How can one capture the Ethos of Millennials and help drive innovation in this changing world forward? It’s simple, follow what excites you the most and create unabashedly on your own terms. Take the risk, collaborate, experiment, fail forward and try again. The time is now to follow that fire which you can’t stop thinking about. That gut feeling that pulls your spirit up. For those who have not figured out yet, take more risks. Try many new things. Put yourself in uncomfortable work. Fully journey to discover what you like and what you don’t enjoy, do it fast, so that you can discover your gifts early on and can further develop them.  Mooji says “Step into the fires of self discovery, this fire will not burn you, it will only burn what you are not.” 

If you want to help define a better future and play a role in inventing these jobs that don’t exist yet, these new companies, industries, collaborative and digital processes, whomever you are, see and hear deeply this millennial generation’s calling, for they are well on their way.  

Originally Published on Millennial Complex

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Technological Tsunami of the Future

I remember hearing the story of a young boy from a developing country who had deemed Google as his father. He had grown up with a curious mind living in this 21st century and out of the many questions he would ask, his own father could not answer. Maybe it was about space exploration, quantum computing or most likely questions about the next gaming system, an exciting e-book or the history of a country  somewhere in this planet he had heard of at school, who knows… but Google could provide him with answers not even his own biological father could.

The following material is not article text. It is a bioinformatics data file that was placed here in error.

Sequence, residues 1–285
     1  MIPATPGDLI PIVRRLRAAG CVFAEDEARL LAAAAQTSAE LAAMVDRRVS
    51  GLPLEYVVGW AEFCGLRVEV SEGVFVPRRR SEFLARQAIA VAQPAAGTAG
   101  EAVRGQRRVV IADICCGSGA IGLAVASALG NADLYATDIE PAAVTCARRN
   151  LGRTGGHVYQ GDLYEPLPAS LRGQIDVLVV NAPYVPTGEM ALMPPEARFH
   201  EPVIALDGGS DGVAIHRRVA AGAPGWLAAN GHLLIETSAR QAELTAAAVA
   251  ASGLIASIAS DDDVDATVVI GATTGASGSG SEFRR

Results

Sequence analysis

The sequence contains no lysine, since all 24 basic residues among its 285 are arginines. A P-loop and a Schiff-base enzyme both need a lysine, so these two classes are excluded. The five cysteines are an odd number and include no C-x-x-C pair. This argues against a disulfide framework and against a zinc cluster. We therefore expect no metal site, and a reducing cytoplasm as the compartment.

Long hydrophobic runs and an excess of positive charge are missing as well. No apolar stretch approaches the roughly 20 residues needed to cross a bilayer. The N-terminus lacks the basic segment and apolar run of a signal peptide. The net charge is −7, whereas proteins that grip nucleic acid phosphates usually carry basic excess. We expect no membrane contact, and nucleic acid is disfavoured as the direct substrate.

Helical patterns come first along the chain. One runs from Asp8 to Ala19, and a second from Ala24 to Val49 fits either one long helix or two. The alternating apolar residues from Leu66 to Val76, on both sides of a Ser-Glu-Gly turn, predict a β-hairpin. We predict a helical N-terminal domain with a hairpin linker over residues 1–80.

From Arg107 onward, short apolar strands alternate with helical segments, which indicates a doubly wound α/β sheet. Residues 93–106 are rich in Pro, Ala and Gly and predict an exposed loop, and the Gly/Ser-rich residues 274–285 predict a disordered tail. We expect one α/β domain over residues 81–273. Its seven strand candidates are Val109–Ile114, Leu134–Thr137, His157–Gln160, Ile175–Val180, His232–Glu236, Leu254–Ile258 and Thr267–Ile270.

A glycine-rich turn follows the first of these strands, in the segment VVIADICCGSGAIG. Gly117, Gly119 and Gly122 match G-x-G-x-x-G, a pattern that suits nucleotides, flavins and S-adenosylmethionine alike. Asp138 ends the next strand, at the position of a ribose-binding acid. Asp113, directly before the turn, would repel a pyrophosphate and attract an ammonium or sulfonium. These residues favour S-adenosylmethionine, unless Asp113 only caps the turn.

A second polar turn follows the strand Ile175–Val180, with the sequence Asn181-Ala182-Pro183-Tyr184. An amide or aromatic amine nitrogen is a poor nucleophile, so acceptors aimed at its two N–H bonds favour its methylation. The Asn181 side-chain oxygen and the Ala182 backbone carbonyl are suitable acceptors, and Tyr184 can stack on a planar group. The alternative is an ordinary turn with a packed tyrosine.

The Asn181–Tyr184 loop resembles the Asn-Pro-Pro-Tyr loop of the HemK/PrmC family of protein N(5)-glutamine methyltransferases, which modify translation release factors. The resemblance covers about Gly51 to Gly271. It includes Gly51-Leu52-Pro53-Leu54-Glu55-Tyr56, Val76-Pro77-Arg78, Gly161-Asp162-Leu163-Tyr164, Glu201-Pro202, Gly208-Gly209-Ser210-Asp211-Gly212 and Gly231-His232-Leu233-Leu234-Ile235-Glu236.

What about the story of an African-American men in New York City who was wrongly convicted of a crime and jailed for more than 20 years. After his release he walked on the streets of Time Square for the first time in a while, he quickly noticed that things had deeply changed but the most drastic of theses changes he felt came from the people walking all around him. “They all had headphones in their ears” he said while he continued to say “their faces always planted downward unto their phones“. This black man felt less human connections today then when he was free in the 90s.

How do we start to notice more of these changes and the impact it can have on us as an individual and on our society? Technology is changing the entire face of this planet especially our interactions as a human species. The next 15 to 40 yrs. many industries and how we will live our day-to-day life will drastically change and I believe our societies will almost be unrecognizable and our children’s children will live in a completely different world. I am not entirely sure if people know to full extent of this technological tsunami that is arriving at our shores or whether we are prepared for it.

I am not just talking about artificial intelligence and automation, I am talking about how we travel around and to different cities, space travel throughout the solar system, how social movements occur, how we eat food, how we read and watch movies, how we shop and buy goods and services, how we send messages and communicate with each other and our loved ones, how we teach our kids, how we perceive those who are different than us, how we do business in this world and most importantly how we see ourselves.